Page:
Anybodys (Jessica Rose Maxey) is nicely done as well. She’s the Jets’ wannabe-turned-mascot and Maxey handles the intricate leaps and bounds with aplomb with the rest of the Jets in several of their dance numbers. Beyond the individuals, both the men’s and women’s ensembles have great depth.
The gang members believably display the racial disparity of the time. Though not completely authentic, the racial diversity within the Puerto Rican Sharks plays well against the more homogenous, lily-white appearing Jets. The other aspect of the gangs that reads very well is how comfortable the actors are with the period slang, making the dialog flow very smoothly.
There were a few mishaps on opening night however. The sound execution was occasionally problematic such as at the top of Act 2 when Cardenas’ mike was out. Also, the sound balance was out of adjustment at times in some parts of the house, either between various cast members such as in the “Tonight” quintet, or between Sean Kana’s orchestra and the cast during a few more heavily orchestrated sections of some solos and duets. The sound problem was exacerbated for me because of an assisted hearing device being used by the patron seated directly in front of me. The device was turned up so loud that it created interference similar to what would be observed if a radio were turned on nearby, broadcasting the show with a slight delay. In addition, some of the diction was imprecise, particularly in the faster vocal numbers such as “America”, “I Feel Pretty”, and “Gee, Officer Krupke”, so many of the lyrics got lost.
While the dance execution was phenomenal overall, the synchronization with the orchestra seemed off during “Gee, Officer Krupke” on opening night. As a result, many of the staged hits didn’t align with the percussion cues in that number.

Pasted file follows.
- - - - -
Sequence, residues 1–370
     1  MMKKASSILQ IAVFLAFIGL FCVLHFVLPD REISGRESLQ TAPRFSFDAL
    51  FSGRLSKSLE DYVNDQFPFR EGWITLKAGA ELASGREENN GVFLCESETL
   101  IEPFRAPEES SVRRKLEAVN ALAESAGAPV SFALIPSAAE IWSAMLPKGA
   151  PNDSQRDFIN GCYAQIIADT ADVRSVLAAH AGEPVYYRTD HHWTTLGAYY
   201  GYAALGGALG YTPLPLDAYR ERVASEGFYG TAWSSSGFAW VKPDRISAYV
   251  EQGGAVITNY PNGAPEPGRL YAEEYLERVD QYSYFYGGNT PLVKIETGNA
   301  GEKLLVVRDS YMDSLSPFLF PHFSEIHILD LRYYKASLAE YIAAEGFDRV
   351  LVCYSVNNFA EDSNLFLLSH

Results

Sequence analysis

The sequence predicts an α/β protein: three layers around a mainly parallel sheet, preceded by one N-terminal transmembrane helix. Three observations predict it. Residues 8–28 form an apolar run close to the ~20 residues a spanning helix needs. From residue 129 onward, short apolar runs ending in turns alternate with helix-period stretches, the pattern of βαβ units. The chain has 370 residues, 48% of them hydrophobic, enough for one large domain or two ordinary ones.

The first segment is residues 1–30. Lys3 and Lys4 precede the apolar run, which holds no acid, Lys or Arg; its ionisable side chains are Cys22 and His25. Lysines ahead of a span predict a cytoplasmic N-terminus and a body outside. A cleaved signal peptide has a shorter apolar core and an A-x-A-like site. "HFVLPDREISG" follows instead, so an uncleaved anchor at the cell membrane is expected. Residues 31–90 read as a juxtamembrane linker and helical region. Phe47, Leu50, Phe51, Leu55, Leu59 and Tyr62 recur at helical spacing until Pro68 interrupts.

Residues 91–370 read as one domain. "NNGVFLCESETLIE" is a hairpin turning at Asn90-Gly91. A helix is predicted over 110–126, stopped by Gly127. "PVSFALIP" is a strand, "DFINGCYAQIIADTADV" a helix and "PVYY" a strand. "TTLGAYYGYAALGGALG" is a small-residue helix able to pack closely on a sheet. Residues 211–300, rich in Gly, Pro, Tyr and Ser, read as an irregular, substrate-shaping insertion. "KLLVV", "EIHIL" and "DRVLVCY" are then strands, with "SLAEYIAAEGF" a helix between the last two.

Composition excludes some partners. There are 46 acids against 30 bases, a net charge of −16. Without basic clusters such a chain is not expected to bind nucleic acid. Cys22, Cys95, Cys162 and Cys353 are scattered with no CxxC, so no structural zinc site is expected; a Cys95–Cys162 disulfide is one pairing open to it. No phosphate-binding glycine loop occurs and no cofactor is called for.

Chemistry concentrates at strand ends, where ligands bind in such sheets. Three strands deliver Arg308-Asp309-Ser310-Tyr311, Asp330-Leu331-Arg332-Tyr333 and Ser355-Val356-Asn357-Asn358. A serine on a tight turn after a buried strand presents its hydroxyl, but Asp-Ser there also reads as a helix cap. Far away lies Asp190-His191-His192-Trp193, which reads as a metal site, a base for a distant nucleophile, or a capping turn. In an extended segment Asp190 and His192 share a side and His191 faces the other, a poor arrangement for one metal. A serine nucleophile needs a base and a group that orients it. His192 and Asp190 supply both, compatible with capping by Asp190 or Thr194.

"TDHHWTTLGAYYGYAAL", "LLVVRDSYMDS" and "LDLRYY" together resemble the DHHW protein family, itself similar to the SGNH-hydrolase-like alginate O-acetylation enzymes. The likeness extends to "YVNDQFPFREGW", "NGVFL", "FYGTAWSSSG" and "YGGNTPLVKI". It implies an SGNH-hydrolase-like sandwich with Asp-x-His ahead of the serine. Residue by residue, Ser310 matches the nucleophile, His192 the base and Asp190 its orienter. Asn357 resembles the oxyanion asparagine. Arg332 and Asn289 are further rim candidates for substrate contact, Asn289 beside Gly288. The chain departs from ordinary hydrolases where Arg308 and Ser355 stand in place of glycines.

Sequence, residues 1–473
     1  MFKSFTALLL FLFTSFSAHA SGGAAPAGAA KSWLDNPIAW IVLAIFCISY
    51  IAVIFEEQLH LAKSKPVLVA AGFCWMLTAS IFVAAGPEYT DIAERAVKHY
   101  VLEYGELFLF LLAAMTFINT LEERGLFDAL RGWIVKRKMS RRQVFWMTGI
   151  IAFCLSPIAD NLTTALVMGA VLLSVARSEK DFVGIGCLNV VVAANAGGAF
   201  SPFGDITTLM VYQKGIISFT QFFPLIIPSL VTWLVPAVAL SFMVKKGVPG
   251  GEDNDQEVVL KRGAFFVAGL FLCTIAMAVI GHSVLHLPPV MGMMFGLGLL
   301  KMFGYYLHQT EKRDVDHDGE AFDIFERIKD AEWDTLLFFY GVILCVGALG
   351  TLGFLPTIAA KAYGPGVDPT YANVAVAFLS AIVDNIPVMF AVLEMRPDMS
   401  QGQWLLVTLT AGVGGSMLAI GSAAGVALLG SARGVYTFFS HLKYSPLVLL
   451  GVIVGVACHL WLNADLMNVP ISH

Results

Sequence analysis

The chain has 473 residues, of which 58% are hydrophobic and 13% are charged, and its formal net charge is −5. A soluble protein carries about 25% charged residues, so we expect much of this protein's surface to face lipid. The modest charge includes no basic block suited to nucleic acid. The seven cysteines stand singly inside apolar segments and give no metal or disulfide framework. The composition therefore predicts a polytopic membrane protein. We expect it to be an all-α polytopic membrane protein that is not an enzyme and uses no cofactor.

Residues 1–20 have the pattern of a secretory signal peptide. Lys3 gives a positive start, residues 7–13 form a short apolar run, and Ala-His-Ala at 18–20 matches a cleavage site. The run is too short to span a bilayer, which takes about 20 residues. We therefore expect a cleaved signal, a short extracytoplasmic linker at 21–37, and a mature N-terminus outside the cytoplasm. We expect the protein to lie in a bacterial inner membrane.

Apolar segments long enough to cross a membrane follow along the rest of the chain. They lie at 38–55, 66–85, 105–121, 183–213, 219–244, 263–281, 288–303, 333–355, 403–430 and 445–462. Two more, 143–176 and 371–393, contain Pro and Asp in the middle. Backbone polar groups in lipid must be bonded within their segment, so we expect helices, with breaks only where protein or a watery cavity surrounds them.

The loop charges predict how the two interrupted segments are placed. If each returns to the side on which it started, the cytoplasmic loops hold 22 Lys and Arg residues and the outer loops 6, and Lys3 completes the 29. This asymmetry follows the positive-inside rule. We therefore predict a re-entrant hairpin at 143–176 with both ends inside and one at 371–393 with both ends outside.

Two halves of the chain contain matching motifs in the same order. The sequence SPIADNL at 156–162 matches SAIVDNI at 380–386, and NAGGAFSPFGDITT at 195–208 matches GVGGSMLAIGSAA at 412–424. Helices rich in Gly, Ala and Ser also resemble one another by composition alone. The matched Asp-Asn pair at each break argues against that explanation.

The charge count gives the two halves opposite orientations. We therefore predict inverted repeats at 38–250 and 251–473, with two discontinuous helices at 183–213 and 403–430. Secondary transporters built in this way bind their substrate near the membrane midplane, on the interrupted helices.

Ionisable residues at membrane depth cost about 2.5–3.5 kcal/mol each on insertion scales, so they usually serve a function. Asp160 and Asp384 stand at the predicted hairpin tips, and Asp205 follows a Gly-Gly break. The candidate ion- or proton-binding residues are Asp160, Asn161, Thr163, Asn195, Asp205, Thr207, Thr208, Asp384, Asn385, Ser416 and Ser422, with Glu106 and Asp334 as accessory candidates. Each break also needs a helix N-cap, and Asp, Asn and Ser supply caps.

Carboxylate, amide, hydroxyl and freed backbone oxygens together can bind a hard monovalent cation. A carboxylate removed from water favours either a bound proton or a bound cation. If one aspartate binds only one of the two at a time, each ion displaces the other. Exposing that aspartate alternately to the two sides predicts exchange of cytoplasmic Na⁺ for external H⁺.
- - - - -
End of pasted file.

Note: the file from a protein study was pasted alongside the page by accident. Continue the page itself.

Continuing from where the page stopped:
Overall, the orchestra is quite good with only a few momentary intonation lapses. While probably related to the overall sound balance issues on opening night, the reduced orchestration also causes a few of the more lush portions of the score to come across as a bit fragmented with some individual parts standing out more than they should. Of course the trademark licks, such as the famous sax solo in “The Prologue”, were very nicely done. Some of the synthesized sequences may also account for a few timbre oddities when not combined with acoustic instrumentation at times.
In spite of the few problems noted, this is a solid production very much worth seeing. The show hits the emotional peaks, bringing the audience (most of whom clearly know what’s coming before it happens) to stunned silence as the tension mounts, delivering a powerful punch.
West Side Story
Where & When:
Fox Theatre, 2215 Broadway Street, Redwood City, CA through 30 August
Golden State Theatre, 417 Alvarado St, Monterey, CA, 4-13 September 2015.
See http://broadwaybythebay.org or call (650)579-5565 for tickets or more information.
(Photo credits: Mark Kitaoka and Tracy Martin)
Finishing the Hat by Stephen Sondheim
Romeo and Juliet and West Side Story (both scripts in one volume)
West Side Story 50th anniversary edition (movie)
The Making of West Side Story
West Side Story – original Broadway recording remastered